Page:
Carbohydrates are also known as starches, sugars, saccharides and polysaccharides depending on their chemical structure.
The primary function of carbohydrates in the body is to provide fuel for countless processes, including muscular contraction, brain function and hormone production, and to aid storage of fat.
The RDA of carbohydrates is generally placed between 45 and 65 percent of total daily caloric intake. Carbohydrates have always been consumed by human populations, and the nutrient has become especially important since the agricultural revolution around 10,000 BC.
In the mid 1800s, scientist Justus Von Leibig discovered the compound we call carbohydrate today.
A deficiency of carbohydrates can be caused by an illness within the body consuming too much of the carbohydrates eaten or preventing the carbohydrates from being processed.
In the case of cancer, fast-growing tumors thrive on the ready energy of carbohydrates and can drive available blood glucose down.
Diabetes can prevent the body from using carbohydrates through either insulin resistance or insufficient insulin production. Type 2 diabetes involves insulin resistance, in which cells no longer respond to insulin's signals to take up glucose. Type 1 and 1 1/2 diabetes can involve insufficient or totally absent production of insulin.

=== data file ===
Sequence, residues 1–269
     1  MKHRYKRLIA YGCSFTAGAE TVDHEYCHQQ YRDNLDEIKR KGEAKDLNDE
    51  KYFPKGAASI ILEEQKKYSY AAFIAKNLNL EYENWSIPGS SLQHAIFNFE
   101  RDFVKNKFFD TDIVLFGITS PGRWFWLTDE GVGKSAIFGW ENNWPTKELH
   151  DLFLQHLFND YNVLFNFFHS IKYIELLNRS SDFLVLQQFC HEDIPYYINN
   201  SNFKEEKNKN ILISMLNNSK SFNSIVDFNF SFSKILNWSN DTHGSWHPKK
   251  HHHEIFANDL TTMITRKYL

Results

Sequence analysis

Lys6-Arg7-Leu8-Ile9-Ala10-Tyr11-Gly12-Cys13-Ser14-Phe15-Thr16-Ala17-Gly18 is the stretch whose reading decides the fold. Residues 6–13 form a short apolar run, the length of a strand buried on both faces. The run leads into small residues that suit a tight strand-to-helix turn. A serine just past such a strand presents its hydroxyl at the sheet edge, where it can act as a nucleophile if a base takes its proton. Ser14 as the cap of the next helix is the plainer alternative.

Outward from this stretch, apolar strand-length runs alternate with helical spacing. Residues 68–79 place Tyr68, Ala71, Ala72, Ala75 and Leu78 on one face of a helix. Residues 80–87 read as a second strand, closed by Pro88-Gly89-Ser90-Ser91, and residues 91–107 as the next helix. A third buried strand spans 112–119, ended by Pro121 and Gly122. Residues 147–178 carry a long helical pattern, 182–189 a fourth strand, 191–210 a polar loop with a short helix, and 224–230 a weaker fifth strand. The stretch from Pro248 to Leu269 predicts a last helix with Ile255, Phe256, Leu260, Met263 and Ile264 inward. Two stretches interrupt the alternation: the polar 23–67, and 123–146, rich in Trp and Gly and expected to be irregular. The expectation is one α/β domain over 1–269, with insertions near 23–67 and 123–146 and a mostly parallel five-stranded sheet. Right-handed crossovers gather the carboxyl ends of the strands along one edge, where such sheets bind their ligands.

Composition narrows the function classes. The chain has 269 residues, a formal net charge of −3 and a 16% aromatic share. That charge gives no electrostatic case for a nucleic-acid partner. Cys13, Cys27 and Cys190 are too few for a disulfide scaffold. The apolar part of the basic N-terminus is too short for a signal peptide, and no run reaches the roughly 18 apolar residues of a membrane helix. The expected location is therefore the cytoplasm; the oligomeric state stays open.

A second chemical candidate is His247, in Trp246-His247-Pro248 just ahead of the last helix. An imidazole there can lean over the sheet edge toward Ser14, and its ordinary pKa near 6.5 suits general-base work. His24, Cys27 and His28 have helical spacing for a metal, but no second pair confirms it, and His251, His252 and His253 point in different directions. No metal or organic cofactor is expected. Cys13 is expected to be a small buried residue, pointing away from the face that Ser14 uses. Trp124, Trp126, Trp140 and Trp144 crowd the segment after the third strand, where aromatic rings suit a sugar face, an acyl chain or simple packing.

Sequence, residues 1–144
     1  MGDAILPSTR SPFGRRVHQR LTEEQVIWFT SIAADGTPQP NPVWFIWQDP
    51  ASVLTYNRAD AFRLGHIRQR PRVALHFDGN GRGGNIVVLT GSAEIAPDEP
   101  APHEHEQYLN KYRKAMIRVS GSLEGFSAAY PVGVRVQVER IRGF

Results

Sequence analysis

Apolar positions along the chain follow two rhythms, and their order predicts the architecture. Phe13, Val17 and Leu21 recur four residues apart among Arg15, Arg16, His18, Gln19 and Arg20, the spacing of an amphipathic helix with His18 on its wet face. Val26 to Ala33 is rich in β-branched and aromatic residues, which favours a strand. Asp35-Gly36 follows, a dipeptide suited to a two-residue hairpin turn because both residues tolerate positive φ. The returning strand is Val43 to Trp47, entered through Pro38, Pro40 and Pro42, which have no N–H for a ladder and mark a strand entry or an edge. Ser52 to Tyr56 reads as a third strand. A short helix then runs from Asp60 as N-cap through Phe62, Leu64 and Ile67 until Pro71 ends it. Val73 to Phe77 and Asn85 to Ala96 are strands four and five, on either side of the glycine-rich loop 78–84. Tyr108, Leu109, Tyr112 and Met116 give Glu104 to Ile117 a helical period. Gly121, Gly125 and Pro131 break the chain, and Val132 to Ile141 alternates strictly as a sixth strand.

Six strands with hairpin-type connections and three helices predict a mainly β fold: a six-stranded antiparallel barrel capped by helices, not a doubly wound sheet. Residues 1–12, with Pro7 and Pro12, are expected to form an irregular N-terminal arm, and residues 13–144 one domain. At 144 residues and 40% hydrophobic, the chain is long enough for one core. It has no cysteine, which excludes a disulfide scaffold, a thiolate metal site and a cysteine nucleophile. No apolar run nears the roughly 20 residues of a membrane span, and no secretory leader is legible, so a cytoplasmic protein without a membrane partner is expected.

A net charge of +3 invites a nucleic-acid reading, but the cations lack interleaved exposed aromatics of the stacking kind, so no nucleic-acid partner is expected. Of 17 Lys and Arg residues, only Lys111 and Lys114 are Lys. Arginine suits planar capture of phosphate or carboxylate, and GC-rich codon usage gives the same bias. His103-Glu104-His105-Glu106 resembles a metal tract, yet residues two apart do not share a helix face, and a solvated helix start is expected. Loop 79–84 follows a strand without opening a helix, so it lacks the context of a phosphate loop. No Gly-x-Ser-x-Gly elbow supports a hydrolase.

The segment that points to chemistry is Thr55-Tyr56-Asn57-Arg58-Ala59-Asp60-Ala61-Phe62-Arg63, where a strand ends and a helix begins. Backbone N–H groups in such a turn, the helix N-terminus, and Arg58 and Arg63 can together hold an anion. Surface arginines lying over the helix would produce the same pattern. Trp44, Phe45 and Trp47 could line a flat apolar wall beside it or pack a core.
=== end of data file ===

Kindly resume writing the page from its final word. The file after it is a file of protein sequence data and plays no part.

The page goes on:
Excess carbohydrates within the body can paradoxically also be caused by cancer and diabetes.
While those disorders can keep the body from using the carbohydrates eaten, they can also cause levels of carbohydrate, in the form of glucose, to rise in the blood stream.
In diabetes, lack of insulin results in low disposal of carbohydrates, causing blood sugar levels to stay abnormally high.
Cancer can eventually cause high blood glucose levels by depleting carbohydrates stored as glycogen. As glycogen stores stay low, insulin production decreases and fails to be enough for disposal of carbohydrates eaten at normal meals.